Dear Jeremy, Do you agree that if it’s legal to sell a product, it should also be legal to advertise it?
I wish I did. Life would be so much simpler if that were the case. And I have great admiration for those who argued the case for the retention of cigarette advertising while knowing that they were almost certainly fighting a losing battle and, while doing so, would make no friends.
But there are times – and this was undoubtedly one of them – when clear-cut, black-and-white, no-exception principles have to be applied with a degree of grown-up pragmatism.
It’s worth remembering that the evidence against cigarette smoking accumulated only gradually – and over a considerable period.
There was no single, starting-pistol moment in time when smoking went overnight from being socially admirable and recommended by doctors to being universally acknowledged to be a mass killer. Even now, more than half-a-century on, that transition is incomplete.
Good government lies in understanding the art of the possible. It was never going to be possible for any national government to make the manufacture and marketing of cigarettes instantly illegal.
As with the prohibition of alcohol in the States, but to a factor of several hundred, a vast black market of illegal (and dodgy) imports would have sprung into being. And the Treasury would have been deprived of half the revenue it needed to fund the NHS. And the governing party that made the smoking of cigarettes a criminal activity would have lost the next general election.
However unmanly it may seem, there are times when the rate of desirable change has to be deliberately tapered, allowing public opinion slowly to adjust. And when changes in behaviour can’t be enforced, changes in attitude occur more gradually.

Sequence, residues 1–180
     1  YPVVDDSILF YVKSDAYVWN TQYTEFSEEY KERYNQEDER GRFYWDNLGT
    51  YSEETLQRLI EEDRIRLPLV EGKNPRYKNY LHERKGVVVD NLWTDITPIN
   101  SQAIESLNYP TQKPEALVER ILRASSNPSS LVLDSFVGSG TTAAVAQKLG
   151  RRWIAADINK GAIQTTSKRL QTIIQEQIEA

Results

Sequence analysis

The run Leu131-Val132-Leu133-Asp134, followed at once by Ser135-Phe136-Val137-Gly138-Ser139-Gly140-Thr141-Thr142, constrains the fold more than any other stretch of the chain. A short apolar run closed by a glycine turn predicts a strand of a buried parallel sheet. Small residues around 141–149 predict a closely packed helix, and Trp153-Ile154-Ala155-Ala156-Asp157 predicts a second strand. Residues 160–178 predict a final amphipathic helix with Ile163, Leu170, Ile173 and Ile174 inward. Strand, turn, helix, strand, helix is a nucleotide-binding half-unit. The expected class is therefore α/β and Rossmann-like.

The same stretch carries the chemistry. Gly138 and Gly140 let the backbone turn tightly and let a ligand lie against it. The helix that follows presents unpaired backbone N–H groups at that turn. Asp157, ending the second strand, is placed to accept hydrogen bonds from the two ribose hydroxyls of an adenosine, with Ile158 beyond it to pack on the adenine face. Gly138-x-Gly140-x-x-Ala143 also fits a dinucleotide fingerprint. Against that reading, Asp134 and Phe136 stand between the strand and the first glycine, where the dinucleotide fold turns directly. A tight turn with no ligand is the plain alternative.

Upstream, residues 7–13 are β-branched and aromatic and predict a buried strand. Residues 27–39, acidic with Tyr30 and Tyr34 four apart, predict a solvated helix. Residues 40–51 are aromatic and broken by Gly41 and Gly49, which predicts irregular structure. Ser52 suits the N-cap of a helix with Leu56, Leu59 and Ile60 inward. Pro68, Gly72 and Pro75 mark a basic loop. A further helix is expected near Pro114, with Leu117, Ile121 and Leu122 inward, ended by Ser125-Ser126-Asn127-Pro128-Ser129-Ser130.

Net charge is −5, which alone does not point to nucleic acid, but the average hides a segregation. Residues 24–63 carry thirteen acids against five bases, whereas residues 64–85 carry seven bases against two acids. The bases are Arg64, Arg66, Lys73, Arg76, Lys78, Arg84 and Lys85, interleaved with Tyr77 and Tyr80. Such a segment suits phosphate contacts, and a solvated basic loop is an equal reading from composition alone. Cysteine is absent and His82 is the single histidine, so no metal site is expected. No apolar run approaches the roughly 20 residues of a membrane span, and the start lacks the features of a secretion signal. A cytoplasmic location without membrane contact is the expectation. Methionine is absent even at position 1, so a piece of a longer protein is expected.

Older readers may remember the fierce opposition to the compulsory wearing of seat belts. It took ten years of campaigning before the Transport Act became law – and then only for a trial period of three years. By the time the three years were up, however, public opinion had become overwhelmingly in favour. If the wearing of seat belts now became voluntary, my guess is that most of us would choose to go on wearing them.
When changes in behaviour can’t be prescribed, public opinion needs to be nudged.
So it’s still legal to sell cigarettes – but not to smoke them in public places. And it’s still legal to sell cigarettes – but not to advertise them.
It may lack logic; but most of us, I suspect, find it a pretty sensible compromise.
There are those who see this as a perilous precedent. Slopes are seen as perilously slippery and we’re reminded that wedges have thin ends. And I agree that the freedom to advertise – almost anything legal – needs to be zealously protected.
But I don’t think we serve our cause well by claiming to live by a principle that’s already been found imperfect in at least one instance.
One of the world’s richest people has said life would be better if we worked longer hours and for more years but for three days a week. Is this a good idea?
For 30 years, I didn’t much like Mondays. So, for the past 30 years, I’ve started my week on Tuesdays. And now I don’t much like Tuesdays. Coming back to work after three days is more of a jolt than coming back to work after two days. So if we worked three-day weeks, we’d be coming back to work after four days, which would be like coming back to work from a holiday but without actually having had one. The left-brain solution to this problem, of course, is not to work a shorter week but to work a longer one. A seven-day working week would eliminate the Monday problem altogether but has other disadvantages.
You don’t say how this rich person got rich but I bet he didn’t do it on three days a week.
Where is the line between behavioural targeting being just using common sense or downright creepy?
A recent e-mail offered to teach me how to reap great riches by learning the secrets of personalised, one-on-one behavioural targeting. It started: "Hi Chris."
I don’t find personalised targeting the least bit creepy because the harder it tries, the more obvious it becomes.
Jeremy Bullmore welcomes questions via email@example.com or Campaign, Teddington Studios, Broom Road, Teddington, TW11 9BE